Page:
Reserve Bank independence a distraction from housing’s real issues

This article was first published on BusinessDesk on Friday 20 November 2020.

The Reserve Bank’s independence is an important feature of New Zealand’s economic framework. The government has some scope to include housing in the Bank’s policy objectives, and it must also ensure that the Bank takes an appropriately broad view of the economic effects of its policy decisions. But housing’s underlying problems will only be solved by more fundamental reforms of our tax system and settings around the supply of land.

Those people calling for an end to the Reserve Bank’s independence must have forgotten, or be too young to remember, the bad old days when monetary policy was little more than an enabler for fiscal pump-priming. Things came to a head during the 1970s and 1980s, when Robert Muldoon’s dual role as the Prime Minister and Minister of Finance led to dubious economic policies.

Having concluded that “most people wouldn’t recognise a budget deficit if they fell over it”, Muldoon was happy to announce significant government spending ahead of an election. By leaving monetary settings unchanged, these actions ensured faster economic growth, boosting the incumbent’s chance of re-election. Any pesky side-effects such as higher inflation or an unsustainable fiscal position could be dealt with later – or simply left to get worse, as things transpired.

Although the coalescence of the powers of the Prime Minister and Minister of Finance in one individual seems unlikely to be repeated, the Reserve Bank’s independence provides an important safeguard against this irresponsible behaviour. A Reserve Bank faced with stimulatory fiscal settings would now consider the medium-term implications for its own policy targets and respond accordingly – raising interest rates if necessary.

No mandate for housing

Frustration with the Reserve Bank’s current monetary settings seems to have arisen largely from the persistent and worsening problem of housing affordability. However, the Bank’s apparent indifference to the housing crisis is simply a reflection of its mandate, rather than a problem with its independent status.

The government has set the Bank “the goals of maintaining a stable general level of prices over the medium term and supporting maximum sustainable employment.” Nowhere in this remit is there any mention of asset prices, which the Bank was instructed to at least “monitor” between 2012 and 2018. One might argue that the removal of this reference from the Bank’s working instructions has allowed it to turn more of a blind eye to the housing market.

Reinstating a reference to asset prices in the Bank’s targets would at least allow the government to ask the Bank some hard questions about housing. For example, should the Bank be relying on the “wealth effect” to spur the economy’s recovery, whereby rising house prices supposedly lead to better consumer confidence and more household spending?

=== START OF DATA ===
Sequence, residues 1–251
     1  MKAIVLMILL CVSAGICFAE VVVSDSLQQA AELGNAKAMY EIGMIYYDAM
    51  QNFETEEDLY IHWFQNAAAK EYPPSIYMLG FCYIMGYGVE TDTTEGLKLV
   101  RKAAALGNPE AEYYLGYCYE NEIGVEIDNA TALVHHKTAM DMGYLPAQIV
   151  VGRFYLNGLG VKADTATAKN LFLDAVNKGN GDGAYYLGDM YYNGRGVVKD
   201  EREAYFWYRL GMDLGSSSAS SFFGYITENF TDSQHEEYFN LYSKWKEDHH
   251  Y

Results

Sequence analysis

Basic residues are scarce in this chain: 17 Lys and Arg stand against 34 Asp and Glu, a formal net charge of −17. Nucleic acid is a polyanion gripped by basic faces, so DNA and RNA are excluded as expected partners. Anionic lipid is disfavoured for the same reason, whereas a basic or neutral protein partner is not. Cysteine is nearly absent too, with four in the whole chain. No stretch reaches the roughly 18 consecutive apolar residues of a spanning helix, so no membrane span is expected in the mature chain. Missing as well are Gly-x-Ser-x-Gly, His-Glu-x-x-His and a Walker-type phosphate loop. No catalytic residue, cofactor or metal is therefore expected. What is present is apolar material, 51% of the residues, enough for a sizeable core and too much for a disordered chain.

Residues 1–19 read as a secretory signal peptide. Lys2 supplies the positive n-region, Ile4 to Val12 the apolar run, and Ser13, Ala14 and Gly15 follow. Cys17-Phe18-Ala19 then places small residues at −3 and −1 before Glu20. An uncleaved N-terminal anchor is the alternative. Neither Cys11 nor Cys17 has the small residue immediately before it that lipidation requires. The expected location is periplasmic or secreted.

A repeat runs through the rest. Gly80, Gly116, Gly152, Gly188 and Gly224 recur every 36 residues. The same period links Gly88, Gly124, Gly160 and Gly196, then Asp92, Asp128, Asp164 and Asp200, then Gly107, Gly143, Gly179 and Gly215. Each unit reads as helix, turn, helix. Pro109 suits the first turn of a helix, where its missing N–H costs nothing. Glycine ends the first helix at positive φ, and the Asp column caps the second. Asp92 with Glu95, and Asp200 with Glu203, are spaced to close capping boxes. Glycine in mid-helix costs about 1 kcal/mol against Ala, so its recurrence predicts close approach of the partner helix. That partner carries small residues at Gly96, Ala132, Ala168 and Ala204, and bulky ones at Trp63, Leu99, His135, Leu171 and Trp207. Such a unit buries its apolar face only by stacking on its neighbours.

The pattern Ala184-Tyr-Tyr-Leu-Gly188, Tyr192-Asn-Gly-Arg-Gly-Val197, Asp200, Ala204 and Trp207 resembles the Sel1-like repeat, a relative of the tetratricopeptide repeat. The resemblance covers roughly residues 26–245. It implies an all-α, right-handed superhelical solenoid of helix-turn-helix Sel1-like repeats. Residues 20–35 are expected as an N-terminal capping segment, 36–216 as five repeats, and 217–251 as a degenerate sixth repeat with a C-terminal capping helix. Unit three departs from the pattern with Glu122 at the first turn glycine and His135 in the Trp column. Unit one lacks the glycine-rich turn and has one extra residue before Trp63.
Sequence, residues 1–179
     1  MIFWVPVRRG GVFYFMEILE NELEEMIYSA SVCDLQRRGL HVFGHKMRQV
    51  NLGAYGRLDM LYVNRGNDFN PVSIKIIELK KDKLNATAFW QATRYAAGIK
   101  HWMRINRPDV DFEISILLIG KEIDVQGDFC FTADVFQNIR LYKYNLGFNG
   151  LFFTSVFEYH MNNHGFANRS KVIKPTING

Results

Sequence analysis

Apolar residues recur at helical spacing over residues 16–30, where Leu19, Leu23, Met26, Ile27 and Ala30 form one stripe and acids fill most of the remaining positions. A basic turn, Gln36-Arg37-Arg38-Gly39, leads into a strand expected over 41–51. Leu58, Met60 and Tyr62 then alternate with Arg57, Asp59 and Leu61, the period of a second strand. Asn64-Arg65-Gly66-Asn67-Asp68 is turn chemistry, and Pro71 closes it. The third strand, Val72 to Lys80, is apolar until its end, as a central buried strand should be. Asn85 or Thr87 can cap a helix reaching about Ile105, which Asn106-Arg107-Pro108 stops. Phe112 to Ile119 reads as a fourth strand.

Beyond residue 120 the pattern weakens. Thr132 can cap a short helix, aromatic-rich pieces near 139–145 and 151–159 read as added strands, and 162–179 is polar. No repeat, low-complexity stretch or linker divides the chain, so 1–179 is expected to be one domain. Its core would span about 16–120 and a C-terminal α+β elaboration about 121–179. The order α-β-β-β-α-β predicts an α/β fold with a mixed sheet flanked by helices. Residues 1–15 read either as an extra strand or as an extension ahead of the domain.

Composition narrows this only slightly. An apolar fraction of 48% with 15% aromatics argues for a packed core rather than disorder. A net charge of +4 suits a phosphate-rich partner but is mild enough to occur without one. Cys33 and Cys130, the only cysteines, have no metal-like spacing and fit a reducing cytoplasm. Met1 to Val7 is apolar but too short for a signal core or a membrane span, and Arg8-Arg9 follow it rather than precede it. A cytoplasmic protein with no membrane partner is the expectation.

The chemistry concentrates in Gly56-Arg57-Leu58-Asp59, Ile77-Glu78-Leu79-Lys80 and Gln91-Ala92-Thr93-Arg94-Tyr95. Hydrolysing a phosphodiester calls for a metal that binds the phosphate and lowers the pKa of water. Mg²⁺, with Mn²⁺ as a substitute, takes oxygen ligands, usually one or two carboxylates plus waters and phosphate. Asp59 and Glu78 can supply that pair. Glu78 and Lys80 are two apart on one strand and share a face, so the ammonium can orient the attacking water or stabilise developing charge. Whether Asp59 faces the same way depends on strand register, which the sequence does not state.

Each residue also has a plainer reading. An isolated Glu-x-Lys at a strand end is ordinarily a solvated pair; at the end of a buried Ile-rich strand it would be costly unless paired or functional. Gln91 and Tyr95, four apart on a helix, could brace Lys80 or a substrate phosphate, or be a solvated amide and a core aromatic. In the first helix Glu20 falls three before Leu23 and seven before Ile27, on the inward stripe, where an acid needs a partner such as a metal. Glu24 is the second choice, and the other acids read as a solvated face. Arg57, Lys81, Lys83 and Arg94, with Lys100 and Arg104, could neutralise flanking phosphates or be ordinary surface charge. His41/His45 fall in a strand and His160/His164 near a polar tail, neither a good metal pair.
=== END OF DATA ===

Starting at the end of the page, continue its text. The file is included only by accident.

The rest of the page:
In conducting monetary policy, one of the difficulties faced by the Bank is interest rates are a horribly blunt tool. Lower interest rates this year have made borrowing cheaper for everyone, but the appetite for borrowing is wildly different between the housing market and businesses. Restrictions on what type of lending could take place would potentially take some heat out of the housing market, but these restrictions would also render the Reserve Bank’s current stimulus efforts mostly impotent. Low business confidence and weak investment intentions mean that firms are reluctant to borrow, no matter how cheap the money on offer is.

Giving the Bank too many different targets also stretches the effective limits of monetary policy, given that the Bank has a limited number of levers to influence outcomes. Already, there is a tension between the two central targets of price stability and full employment.

Nevertheless, the 2013 addition of loan-to-value ratio restrictions to the Reserve Bank’s toolkit means that it can influence housing market outcomes in a reasonably direct fashion. Strengthening its housing mandate beyond financial stability risks would be achievable, particularly if debt-to-income ratio restrictions were also added to the Bank’s armoury.

Address the causes, not the symptoms

Ultimately, asking the Reserve Bank to control housing market outcomes would simply end up treating the symptoms, rather than the causes, of New Zealand’s housing crisis. Historically low mortgage rates are not the primary cause of the unaffordability of housing and the current flood of money into the market.

Investor appetite has been boosted by the absence of a comprehensive capital gains tax, with investors calculating that the tax-free returns from owning property far outstrip other ways of making money. The lack of political willpower to address this favourable treatment through a capital gains tax, land tax, or wealth tax, is arguably a much greater policy failure than the Reserve Bank’s enablement of a renewed surge in house prices.

Supply constraints have also played a significant role in driving house prices higher. Excessive zoning restrictions and a lack of planning and funding for infrastructure provision are making land increasingly expensive and pushing homeownership further out of reach for young people. The planned revamp of the Resource Management Act and greater central government coordination around urban infrastructure will hopefully be steps towards alleviating the affordability issue that has become ever more critical throughout the last 40 years.

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